Palazzo Farnese

Piazza Farnese 67. (Open Map)


The palace, nicknamed “il dado” (the Dice) because of its shape, was began in 1517 by Antonio da Sangallo the Young for Cardinal Alessandro Farnese, who became pope in 1534 with the name of Paul III (1534-1549). When Sangallo died, the works went on under Michelangelo (1546-1549), then Vignola (1569-1573) and Giacomo Della Porta, who finished the palace in 1589. 

Sangallo did the facades looking onto Piazza Farnese and the side roads, while Michelangelo did the central window, the cornice and the third fllor of the court. 

The rear façade was designed by Vignola and completed by Della Porta. At the end of 1500 the rooms of the building were decorated for Cardinal Odoardo by Annibale and Agostino Carracci (1587-1604). 

The building was acquired in the 18th century to the Borbone family of Naples. They spoiled it of its statues and the Farnese collection. It is now the seat of the Embassy of France.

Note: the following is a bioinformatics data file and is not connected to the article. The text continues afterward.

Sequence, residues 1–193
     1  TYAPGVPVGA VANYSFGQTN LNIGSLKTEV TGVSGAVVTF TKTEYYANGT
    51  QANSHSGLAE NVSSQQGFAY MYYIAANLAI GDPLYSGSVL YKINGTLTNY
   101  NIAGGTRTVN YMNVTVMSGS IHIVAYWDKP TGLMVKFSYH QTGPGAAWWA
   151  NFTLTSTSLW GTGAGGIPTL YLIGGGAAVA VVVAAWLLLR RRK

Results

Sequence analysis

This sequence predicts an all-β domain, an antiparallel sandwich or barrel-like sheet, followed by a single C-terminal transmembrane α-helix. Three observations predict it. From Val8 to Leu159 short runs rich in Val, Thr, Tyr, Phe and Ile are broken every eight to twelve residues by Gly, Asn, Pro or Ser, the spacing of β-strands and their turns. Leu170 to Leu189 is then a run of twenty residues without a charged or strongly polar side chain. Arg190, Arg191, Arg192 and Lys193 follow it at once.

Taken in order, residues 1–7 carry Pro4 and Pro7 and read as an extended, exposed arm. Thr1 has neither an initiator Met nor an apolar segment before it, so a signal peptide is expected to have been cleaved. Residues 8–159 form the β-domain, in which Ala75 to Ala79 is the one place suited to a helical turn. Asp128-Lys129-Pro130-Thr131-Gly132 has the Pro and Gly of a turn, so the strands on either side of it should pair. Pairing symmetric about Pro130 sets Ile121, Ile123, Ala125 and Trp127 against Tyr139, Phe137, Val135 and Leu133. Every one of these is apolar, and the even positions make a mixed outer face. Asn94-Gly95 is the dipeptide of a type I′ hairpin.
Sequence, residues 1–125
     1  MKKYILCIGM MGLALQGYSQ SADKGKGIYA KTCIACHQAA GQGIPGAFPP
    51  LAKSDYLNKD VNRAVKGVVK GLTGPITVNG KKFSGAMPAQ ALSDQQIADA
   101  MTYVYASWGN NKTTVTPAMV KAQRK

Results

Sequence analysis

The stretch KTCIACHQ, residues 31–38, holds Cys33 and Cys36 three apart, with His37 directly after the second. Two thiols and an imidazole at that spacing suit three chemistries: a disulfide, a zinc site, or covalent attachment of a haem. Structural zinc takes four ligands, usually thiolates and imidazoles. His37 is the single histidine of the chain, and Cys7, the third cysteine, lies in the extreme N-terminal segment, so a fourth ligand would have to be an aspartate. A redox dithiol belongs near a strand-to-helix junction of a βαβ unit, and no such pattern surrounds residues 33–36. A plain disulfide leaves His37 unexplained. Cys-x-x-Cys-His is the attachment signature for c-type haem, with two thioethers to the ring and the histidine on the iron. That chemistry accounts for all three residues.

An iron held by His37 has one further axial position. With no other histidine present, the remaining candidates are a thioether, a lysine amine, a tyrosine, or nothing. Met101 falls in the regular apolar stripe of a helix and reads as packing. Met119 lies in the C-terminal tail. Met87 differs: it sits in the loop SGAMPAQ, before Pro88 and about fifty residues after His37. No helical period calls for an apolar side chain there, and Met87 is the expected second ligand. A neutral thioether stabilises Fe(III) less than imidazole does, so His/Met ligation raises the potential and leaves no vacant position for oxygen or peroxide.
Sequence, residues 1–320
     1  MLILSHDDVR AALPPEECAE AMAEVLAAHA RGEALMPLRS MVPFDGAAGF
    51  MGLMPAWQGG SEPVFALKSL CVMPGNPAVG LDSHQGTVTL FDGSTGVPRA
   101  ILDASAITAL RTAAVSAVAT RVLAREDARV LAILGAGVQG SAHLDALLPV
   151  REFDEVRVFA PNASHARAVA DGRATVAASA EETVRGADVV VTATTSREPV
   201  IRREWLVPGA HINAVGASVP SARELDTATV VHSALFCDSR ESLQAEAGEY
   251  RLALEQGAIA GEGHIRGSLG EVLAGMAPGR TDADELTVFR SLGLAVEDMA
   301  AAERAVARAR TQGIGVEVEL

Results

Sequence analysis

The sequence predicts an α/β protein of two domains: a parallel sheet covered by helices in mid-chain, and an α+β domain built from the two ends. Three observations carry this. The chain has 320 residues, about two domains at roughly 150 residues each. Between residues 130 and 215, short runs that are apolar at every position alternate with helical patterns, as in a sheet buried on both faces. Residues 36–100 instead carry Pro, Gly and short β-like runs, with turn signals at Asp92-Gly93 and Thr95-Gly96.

The facade overlooking Piazza Farnese was decorated by Michelangelo with the impressive upper cornice and over the central balcony he carved the irises of the Farnese coat of arms. 

The rear façade overlooking via Giulia is the best example of the building’s elegant architecture. Inside is the great three-nave atrium by Sangallo, whose entrance is from the courtyard surrounded by an arched portico. 

On the piano nobile is the famous Gallery that was frescoed between 1597 and 1604 by Annibale Carracci, aided by his brother Agostino, Domenichino and Giovanni Lanfranco. 

The great hall has a rich coffered ceiling, tapestries reproducing Raphael frescoes of the Vatican rooms and, at the sides of the fireplace, are the lying statues of Abundance and Peace by Guglielmo Della Porta. The near Sala dei Fasti Farnesiani was decorated by Francesco Salviati and the Zuccari brothers.